Dispatches from the Creation Wars

One of the staple arguments used by the anti-ACLU crowd characterizes the group as something akin to the mafia. The argument is that the “powerful, well-funded” group of liberals goes around the country seeking out poor, weak school districts they can “shake down” by filing lawsuits and then forcing them to pay hundreds of thousands, even millions, of dollars not only defending themselves in court but paying the ACLU’s fees as well. In this manner they enrich themselves at the expense of those poor, victimized local school districts.

The argument is idiotic in the first place for several reasons. First, the ACLU is anything but well-funded. Second, they have to actually win the case — that is, convince the court that the school is violating the constitution — to have any chance of recovering a portion of the attorneys fees. Third, the ACLU doesn’t usually receive that money anyway; most of the legal work is done by outside attorneys volunteering their time on principle, knowing that they risk receiving no payment for their services at all — often in cases that can drag on for years.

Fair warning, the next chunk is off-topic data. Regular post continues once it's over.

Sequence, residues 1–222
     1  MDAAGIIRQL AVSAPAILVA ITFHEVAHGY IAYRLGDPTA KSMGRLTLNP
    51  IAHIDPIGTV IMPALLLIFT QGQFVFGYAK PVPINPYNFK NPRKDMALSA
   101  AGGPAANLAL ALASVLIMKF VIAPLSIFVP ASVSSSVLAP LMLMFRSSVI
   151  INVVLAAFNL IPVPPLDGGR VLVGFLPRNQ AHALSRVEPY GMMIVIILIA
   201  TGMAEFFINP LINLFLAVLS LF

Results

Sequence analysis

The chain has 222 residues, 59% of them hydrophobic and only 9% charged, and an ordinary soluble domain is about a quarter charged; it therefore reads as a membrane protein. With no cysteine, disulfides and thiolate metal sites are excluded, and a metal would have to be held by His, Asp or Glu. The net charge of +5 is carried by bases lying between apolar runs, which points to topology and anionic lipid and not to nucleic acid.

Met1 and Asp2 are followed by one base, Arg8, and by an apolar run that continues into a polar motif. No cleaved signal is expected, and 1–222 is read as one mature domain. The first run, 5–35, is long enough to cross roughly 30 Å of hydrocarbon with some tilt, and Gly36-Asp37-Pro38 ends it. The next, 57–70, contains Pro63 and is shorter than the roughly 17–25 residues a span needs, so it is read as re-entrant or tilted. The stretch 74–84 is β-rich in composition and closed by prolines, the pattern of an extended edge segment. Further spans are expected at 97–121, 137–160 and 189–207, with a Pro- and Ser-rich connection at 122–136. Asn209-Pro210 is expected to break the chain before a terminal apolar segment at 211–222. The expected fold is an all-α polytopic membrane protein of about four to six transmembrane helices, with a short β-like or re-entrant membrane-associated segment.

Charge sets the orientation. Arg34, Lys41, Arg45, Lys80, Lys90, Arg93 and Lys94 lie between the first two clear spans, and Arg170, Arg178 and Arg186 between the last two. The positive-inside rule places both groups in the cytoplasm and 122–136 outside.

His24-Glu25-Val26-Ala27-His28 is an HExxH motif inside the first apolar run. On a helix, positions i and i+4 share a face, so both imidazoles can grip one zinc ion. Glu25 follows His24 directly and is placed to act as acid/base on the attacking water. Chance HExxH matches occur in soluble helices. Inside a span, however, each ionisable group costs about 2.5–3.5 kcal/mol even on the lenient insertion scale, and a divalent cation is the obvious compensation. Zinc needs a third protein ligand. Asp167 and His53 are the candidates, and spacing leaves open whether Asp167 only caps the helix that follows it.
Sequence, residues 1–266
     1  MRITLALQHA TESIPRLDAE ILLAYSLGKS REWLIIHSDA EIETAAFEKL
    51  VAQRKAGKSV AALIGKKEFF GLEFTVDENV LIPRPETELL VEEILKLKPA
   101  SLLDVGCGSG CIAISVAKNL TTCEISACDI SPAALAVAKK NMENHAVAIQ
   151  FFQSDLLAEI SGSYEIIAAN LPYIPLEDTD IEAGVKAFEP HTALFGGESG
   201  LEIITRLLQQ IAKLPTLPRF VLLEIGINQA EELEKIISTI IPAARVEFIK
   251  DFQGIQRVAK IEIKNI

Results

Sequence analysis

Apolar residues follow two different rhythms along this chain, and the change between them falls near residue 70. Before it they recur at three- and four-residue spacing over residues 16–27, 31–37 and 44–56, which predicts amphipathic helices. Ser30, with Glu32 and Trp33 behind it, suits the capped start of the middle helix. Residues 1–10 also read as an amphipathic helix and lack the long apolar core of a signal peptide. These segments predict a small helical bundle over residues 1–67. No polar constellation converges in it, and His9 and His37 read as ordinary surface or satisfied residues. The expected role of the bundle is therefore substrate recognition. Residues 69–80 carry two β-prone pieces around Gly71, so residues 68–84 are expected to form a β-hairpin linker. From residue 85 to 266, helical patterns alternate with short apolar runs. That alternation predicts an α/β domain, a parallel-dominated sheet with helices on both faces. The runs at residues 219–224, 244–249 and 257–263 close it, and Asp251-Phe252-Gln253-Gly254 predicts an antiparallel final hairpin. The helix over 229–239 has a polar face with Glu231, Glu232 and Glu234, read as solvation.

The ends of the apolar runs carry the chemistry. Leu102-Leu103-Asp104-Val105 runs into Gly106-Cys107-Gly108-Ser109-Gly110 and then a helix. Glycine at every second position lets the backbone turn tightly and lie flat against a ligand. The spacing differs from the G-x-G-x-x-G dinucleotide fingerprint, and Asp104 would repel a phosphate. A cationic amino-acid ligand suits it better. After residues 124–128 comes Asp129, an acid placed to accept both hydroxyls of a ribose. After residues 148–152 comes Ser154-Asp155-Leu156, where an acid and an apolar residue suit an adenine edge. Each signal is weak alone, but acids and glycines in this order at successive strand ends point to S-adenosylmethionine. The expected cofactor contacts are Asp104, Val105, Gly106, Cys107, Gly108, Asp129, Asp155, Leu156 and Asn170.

But as Howard Friedman reports, here’s a situation that reverses the whole thing. In the Santa Rosa County School District in Florida there has been ongoing litigation for years over the schools’ unconstitutional advancement of Christianity. The original case, filed by the ACLU on behalf of local families, resulted in a consent decree that forbid a wide range of activities that had gone on at the school that were clearly designed to push Christianity on students.

After that consent decree was agreed to by the schools, Liberty Counsel demanded that the consent decree be removed. They claimed — falsely — that the consent decree would punish a teacher for saying “God bless you” when someone sneezed, that kind of thing. It never did and now the two sides have reached a settlement agreement modifying the original decree to make those concerns more specific. It changes little in reality but it was a good opportunity for the religious right to claim martyrdom for a while and raise some money. But note this:

The agreement also provides for the school board to pay attorneys’ fees and costs totally $265,000, mostly to Liberty Counsel which represented plaintiffs in the case. The ACLU waived its claim for attorneys fees against the school board.

So I’m sure we’ll be hearing from the STACLU crowd how the well-funded, powerful Liberty Counsel went to Florida to bully a poor, weak school district and enrich themselves, right? Right? Yeah, I didn’t think so. It’s called special pleading — it’s only wrong when it’s done by those I disagree with.